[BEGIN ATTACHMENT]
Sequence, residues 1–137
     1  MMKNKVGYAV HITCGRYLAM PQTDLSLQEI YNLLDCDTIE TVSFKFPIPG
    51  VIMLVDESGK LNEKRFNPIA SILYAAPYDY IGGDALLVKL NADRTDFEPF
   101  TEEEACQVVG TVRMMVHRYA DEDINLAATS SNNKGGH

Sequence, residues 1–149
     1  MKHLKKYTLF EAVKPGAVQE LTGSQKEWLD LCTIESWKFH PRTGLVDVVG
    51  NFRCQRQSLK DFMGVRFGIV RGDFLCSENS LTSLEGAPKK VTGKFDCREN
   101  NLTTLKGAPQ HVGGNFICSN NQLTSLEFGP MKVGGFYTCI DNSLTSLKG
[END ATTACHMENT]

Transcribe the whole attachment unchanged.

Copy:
Sequence, residues 1–137
     1  MMKNKVGYAV HITCGRYLAM PQTDLSLQEI YNLLDCDTIE TVSFKFPIPG
    51  VIMLVDESGK LNEKRFNPIA SILYAAPYDY IGGDALLVKL NADRTDFEPF
   101  TEEEACQVVG TVRMMVHRYA DEDINLAATS SNNKGGH

Sequence, residues 1–149
     1  MKHLKKYTLF EAVKPGAVQE LTGSQKEWLD LCTIESWKFH PRTGLVDVVG
    51  NFRCQRQSLK DFMGVRFGIV RGDFLCSENS LTSLEGAPKK VTGKFDCREN
   101  NLTTLKGAPQ HVGGNFICSN NQLTSLEFGP MKVGGFYTCI DNSLTSLKG